Brain Tumor- Forms of radiation therapy
Forms of radiation therapy
Brain Tumor- Forms of radiation therapy, Total dose and fractionation, target volume and irradiation techniques are essentially determined by the spread characteristics of the respective tumor, the dose effect relationship of the tumor tissue, and the radiation tolerance of adjacent risk structures in the treatment of brain tumors. In addition to the radiation tolerance of the brain, the eye lenses, the optic chiasm and the optic nerve, as well as the brain stem and the cervical nerve, must be specially observed. According to the propagation characteristics of the individual tumors, three basic volume concepts are realized:
1. Local treatment (extended tumor region)
- Supratentorial tumors
- Low and high-grade gliomas,
- optic glioma
- Ependymom without CSF
- Man at examination
- Carry out the irradiation
2. Whole brain irradiation
- preventive treatment
- Malignant system diseases (lymphoblastic leukemias)
- brain metastases
- Radiation treatment of the whole head, including the cerebral membranes. Mask fixation to achieve precise radiotherapy.
3. Treatment of the entire cerebrospinal fluid space (neuro axis)
- Infratentorial tumors
- Supratentorial tumors with connection to the CSF system.
- Pinealistumoren (germ cell tumors, pinealoblastoma)
Irradiation of the tumor region
The treatment is concentrated on the tumor bed, including a safety margin with possible infestation (usually 2.0 cm) which is not detectable (with subclinical) by conventional imaging methods. To optimize the irradiation, individual computer-assisted irradiation plans are made in order to preserve as much surrounding tissue as possible (eg in low- and high-grade gliomas).
The application of individualized facial masks or post-bite techniques is a prerequisite for an exact positioning of the head. The area to be irradiated includes the tumor visible in CT or MRI, including areas with possible tumor infiltration. The advantages of computer-aided irradiation planning are the exact localization of the irradiation area as well as a precise delineation of critical organs such as the brain stem and the visual pathway (chiasma). Computer tomography also gains density values for physical irradiation planning, which are necessary for irradiation planning so that an individualized, optimal field adaptation and dose distribution can be calculated.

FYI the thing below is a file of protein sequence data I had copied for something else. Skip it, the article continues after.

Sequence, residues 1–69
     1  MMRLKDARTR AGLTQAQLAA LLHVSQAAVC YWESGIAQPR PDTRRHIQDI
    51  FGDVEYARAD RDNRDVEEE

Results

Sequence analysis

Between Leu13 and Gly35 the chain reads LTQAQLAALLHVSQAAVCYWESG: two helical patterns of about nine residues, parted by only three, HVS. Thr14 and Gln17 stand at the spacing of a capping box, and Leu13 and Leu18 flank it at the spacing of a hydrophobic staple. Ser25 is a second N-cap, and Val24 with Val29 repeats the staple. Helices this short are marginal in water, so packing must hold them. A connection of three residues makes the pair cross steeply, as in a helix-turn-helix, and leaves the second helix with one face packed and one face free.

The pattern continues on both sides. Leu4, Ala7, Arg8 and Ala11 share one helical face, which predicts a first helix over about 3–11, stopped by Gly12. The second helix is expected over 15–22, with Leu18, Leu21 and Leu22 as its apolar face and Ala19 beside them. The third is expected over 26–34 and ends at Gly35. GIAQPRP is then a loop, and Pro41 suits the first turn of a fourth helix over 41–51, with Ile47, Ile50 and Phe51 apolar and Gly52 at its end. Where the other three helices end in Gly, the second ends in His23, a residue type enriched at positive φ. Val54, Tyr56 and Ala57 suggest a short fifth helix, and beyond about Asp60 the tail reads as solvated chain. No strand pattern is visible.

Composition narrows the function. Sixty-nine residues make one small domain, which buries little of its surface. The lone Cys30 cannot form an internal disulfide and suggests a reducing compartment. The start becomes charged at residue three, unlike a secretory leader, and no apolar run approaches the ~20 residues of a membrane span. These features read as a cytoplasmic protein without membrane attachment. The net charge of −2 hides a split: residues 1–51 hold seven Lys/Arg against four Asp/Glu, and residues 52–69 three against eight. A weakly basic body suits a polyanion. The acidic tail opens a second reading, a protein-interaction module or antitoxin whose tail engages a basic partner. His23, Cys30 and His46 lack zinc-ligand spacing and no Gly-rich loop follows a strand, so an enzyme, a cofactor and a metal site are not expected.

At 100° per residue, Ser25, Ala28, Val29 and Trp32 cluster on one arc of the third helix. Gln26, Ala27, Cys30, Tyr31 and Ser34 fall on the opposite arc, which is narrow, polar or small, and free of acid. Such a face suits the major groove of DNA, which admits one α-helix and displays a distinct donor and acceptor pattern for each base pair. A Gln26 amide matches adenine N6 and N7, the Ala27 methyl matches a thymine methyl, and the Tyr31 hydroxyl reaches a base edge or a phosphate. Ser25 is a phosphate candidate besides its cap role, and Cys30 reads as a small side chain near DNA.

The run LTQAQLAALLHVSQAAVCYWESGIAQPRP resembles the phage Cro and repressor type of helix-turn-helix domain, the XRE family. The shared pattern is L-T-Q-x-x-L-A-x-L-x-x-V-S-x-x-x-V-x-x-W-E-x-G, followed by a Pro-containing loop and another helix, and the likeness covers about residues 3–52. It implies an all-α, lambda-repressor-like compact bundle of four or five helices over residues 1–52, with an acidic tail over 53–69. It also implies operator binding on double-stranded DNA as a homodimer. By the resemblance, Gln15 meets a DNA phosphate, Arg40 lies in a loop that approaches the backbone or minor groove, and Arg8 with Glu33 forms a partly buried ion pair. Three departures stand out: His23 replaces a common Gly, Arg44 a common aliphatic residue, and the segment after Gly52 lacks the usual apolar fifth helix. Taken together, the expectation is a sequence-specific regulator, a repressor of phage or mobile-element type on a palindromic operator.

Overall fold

Stereotactic conformational therapy
Stereotactic conformational irradiations
Tumor-specific irradiation, ie individual adaptation to irregularly shaped tumors, is achieved by three-dimensional conformational irradiation. Special, individual collimators allow an individual field adjustment and thus the greatest possible protection of normal tissue.
Stereotactic single-time irradiation / Linear accelerator-assisted systems or Gamma Knife
The aim of the stereotactic one-time treatment is to apply a clinically sufficient dose within the tumor and to exclude or minimize the co-irradiation of normal, surrounding brain tissue.
It is possible to irradiate well-defined tumors of small extent with a single-time irradiation exactly and highly dosed. Stereotactic single-time irradiation typically occurs in individual brain metastases (not more than three), vascular malformations, and benign tumors that originate from the auditory nerve (acoustic neuroma). Linear accelerator-assisted systems and the Gamma Knife differ only in technical details, but not in the medical field of application. The essential technical difference between the two systems is as follows:
Gamma Knife: Over 200 individual telecobalt sources produce a radiation beam with the smallest diameter. The bundles intersect at one point. The bundling is achieved by a special helmet.
Linear Accelerator-Assisted Systems: The generated beam is defined by a special tube-shaped attachment on a small scale. This beam is guided over several arcs and concentrates at a defined point of intersection (isocenter). This achieves maximum focussing (as in a firing glass).
Whole brain irradiation (including the meninges, so-called “helmet field”)
The irradiation takes place via two lateral fields, which are 180 ° to each other. The target area comprises the brain structures in the case of metastases, but also in the case of leukemias but also the outer cerebral water spaces, which extend along the outer meninges of the brain. The latter areas often have to be integrated into the therapeutic area, since tumor cells (predominantly in the medulloblastoma, germ cell tumors and leukaemias) can be carried over the cerebrospinal fluid flow. An inadequate detection is therefore associated with an increased risk of a regression of the tumor disease, so that a particularly careful irradiation technique has a decisive effect on the treatment results. By means of special diaphragms, the remaining tissue of the head (eyes / face, mouth and throat) is discharged from the irradiation field.
Radiation treatment of the neuro axis
The brain and the spinal canal are irradiated with spinal sowings (medulloblastoma, germ cell tumors, lymphomas). It essentially consists of “helmet technology” (see above) and subsequent spinal irradiation fields. A reproducible bearing with appropriate fixing aids is the prerequisite for an exact field adjustment. Subsequently, as a rule, a local radiotherapy of the original tumor is performed. This irradiation technique usually corresponds to the above-mentioned procedure.